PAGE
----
Some say the Germans should Remember that Austerity gave them Hitler and should therefore Forgive some Greek Debt

Posted by PITHOCRATES - February 19th, 2012

Week in Review

There are more Nazi comparisons in the continuing saga of the Greek debt crisis as people keep picking on Germany.  The strongest Eurozone state.  And the only one who can bail out the weaker ones (see Germany has forgotten the lessons of war reparations by Jeremy Warner posted 2/17/2012 on The Telegraph).

While on the subject of historical parallels, there’s another which has not yet been given sufficient an airing. This was the vexing question of German war reparations after the slaughter of the First World War, brilliantly identified by John Maynard Keynes at the time in his polemic, “Economic Consequences of the Peace”, as fundamentally unfair on the Germans. Keynes branded the Treaty of Versailles a “Carthaginian Peace”.

True.  The Treaty of Versailles did treat the Germans unfairly.  A word commonly bandied about at the time in Germany was humiliated.  And betrayed.  Even stabbed in the back.  Because the Germans didn’t start that war.  Everyone was eager to go to war.  And nearly everyone did thanks to those entangling alliances that George Washington warned us about.  And another thing.  The Germans didn’t lose the war.  No one did.  And no one won the war.  It ended in an armistice.  Much like the Korean War.  And yet during the treaty process they identified Germany as the sole culprit that caused the war.  And the allies all tried to recoup their losses and rebuild their empires by bleeding Germany dry.

Part of Germany’s purpose during interminable attempts to renegotiate these debts on less oppressive terms was to demonstrate that the German economy was in no position to pay – ergo, the creditor was at some stage going to have to take an almighty hit. Indeed, it is sometimes argued that the Weimar hyperinflation was deliberately engineered in order to demonstrate this fact beyond doubt. There can be no other explanation for the bizarrely ruinous policies of deficit financing pursued by the Bundesbank at that time. No sane central banker could possibly have sanctioned such a strategy…

Given its history, it is quite strange that Germany has such difficulty in grasping this reality. It is sometimes said that German attitudes to the economy and the current crisis are instructed by experience of Weimar inflation and its catastrophic consequences. Yet it wasn’t hyperinflation that brought Hitler to power, but rather the depression of the early 1930s, which in Germany’s case was greatly exaggerated by the pro-cyclical austerity the government of the time insisted on applying to the problem. Those who who [sic] don’t learn from the past are doomed to repeat it.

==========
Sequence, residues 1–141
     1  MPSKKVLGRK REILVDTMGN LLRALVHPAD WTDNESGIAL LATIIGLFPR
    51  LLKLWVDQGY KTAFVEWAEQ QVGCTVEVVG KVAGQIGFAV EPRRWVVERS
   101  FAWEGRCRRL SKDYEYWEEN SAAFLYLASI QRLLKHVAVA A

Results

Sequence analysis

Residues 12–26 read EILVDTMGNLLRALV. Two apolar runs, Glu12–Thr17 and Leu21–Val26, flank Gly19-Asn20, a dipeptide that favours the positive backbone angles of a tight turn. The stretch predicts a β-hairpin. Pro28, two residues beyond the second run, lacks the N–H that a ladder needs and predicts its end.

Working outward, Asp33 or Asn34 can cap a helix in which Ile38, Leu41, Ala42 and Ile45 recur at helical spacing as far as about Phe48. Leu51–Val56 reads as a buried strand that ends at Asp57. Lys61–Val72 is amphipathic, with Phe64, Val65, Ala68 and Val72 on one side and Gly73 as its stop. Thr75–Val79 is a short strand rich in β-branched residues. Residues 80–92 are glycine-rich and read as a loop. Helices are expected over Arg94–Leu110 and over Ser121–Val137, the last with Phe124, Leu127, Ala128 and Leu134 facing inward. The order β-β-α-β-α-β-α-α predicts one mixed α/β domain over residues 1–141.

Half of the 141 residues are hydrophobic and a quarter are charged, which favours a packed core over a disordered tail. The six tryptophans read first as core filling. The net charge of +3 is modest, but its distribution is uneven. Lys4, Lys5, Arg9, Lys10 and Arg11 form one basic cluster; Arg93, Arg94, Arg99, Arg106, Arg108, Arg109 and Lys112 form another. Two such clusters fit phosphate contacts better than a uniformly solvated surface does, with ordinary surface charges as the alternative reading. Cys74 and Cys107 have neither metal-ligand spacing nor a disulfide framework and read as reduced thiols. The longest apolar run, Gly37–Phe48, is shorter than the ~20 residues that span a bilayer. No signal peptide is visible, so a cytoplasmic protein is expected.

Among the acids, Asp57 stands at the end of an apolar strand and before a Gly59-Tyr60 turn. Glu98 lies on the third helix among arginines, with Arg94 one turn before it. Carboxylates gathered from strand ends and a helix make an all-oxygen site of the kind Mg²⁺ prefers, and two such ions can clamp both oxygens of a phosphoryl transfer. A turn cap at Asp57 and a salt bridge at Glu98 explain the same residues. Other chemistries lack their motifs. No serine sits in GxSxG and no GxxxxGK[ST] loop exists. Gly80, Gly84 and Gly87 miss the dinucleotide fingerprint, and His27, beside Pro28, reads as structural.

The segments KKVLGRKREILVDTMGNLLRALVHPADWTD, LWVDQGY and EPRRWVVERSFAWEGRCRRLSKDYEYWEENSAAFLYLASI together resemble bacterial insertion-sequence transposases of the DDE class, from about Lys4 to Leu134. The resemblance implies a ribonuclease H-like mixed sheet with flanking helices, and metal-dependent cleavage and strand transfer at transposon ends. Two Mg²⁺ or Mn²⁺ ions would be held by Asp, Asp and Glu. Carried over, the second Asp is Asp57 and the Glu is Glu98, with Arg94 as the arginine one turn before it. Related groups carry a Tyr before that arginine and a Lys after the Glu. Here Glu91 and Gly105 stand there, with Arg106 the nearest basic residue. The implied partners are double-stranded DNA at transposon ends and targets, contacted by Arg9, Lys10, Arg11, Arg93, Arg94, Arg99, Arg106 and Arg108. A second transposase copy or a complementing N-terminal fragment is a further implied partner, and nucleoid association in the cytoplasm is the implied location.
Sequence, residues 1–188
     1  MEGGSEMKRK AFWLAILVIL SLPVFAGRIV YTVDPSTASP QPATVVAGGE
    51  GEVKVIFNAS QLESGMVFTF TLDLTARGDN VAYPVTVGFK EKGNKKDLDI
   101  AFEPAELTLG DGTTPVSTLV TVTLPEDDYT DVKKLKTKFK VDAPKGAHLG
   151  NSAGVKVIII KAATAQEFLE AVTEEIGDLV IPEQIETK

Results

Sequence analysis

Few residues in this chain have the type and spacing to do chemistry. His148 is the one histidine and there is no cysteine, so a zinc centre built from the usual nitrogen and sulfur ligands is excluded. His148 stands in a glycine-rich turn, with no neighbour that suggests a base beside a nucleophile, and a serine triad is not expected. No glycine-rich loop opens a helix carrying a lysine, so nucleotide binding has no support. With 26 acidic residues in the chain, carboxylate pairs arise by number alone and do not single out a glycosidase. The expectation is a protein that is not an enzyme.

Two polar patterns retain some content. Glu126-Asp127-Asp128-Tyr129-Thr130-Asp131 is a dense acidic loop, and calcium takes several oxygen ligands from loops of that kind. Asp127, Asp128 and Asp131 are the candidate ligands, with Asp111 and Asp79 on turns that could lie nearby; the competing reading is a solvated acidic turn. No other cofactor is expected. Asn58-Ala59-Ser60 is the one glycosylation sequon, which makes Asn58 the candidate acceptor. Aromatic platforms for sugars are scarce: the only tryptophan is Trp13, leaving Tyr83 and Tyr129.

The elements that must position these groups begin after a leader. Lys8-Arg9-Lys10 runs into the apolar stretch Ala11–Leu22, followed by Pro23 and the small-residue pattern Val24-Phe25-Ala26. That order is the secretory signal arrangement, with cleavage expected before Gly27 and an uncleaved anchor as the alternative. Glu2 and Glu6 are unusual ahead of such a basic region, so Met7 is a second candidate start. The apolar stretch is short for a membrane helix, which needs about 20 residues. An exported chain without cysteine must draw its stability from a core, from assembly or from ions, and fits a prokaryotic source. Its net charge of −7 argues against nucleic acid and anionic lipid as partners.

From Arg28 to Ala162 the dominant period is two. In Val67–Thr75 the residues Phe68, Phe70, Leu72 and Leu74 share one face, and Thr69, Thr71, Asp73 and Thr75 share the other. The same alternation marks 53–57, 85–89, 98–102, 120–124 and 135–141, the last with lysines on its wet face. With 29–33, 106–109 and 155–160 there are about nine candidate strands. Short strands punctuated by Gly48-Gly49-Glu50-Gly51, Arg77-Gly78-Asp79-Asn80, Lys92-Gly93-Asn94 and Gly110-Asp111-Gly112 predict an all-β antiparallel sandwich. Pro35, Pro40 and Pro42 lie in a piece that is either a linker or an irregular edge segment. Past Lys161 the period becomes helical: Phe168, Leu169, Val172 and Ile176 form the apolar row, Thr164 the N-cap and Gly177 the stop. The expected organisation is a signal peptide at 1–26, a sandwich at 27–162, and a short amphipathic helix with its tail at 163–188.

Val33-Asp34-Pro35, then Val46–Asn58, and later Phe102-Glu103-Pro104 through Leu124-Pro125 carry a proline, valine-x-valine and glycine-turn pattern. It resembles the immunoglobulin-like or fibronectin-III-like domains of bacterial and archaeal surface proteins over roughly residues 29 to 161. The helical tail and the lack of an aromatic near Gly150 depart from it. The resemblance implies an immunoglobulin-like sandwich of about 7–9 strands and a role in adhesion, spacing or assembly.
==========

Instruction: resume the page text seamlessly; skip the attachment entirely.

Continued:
The Weimar hyperinflation played a part.  But what really motivated Hitler was the Versailles Treaty.  Hitler was a veteran of WWI.  He served bravely.  Was promoted to corporal.  Suffered temporary blindness from a gas attack.  And he knew the Germans weren’t beaten.  Exhausted?  Yes.  War weary?  Yes.  But militarily defeated?  No.  It was the humiliation of the Versailles Treaty that drove Hitler.  So much so that when his panzer armies conquered France he met the French in a special rail car to sign the instrument of surrender.  The same rail car the Germans signed the humiliating Versailles Treaty.

Many Germans rallied around Hitler because they felt the same way.  Germany had grown to be the dominating European power.  And that treaty did what Germany’s enemies couldn’t do.   Change the balance of power in Europe.  To reverse the German successes of the last century or so.  This is what brought Hitler to power.  Vengeance.  To right the wrongs done to Germany.  Had they not been so wronged it is unlikely that a gifted orator would have risen to inflame the masses.  For there may have been no hyperinflation without those punishing reparations in the first place.  And without that economic crisis the world wouldn’t even know the name Adolf Hitler.  (Probably.  Unless a prosperous Weimar Germany liked and bought his art.  Then instead of remembering him as a crazed mass murderer we would remember him as an artist.)

In contrast nobody wronged Greece.  They got into this mess on their own.  By irresponsible government spending.  And the cure for irresponsible spending is responsible spending.  Not forgiving debt so they can keep spending irresponsibly.  German hyperinflation resulted from unjust war reparations that destroyed the German economy.  The Greek crisis resulted from irresponsible spending that destroyed the Greek economy.  Spending is the problem.  It needs to be cut.  So they stop running deficits.  And stop growing their debt.  But cutting government spending is easier said than done.  For once the government makes the people dependent on government benefits the people tend to not want to give them up.  But they must.  It’s the only way to fix the underlying problem.  Irresponsible spending.  And forgiving debt not only misses this central point.  It encourages more of the same.

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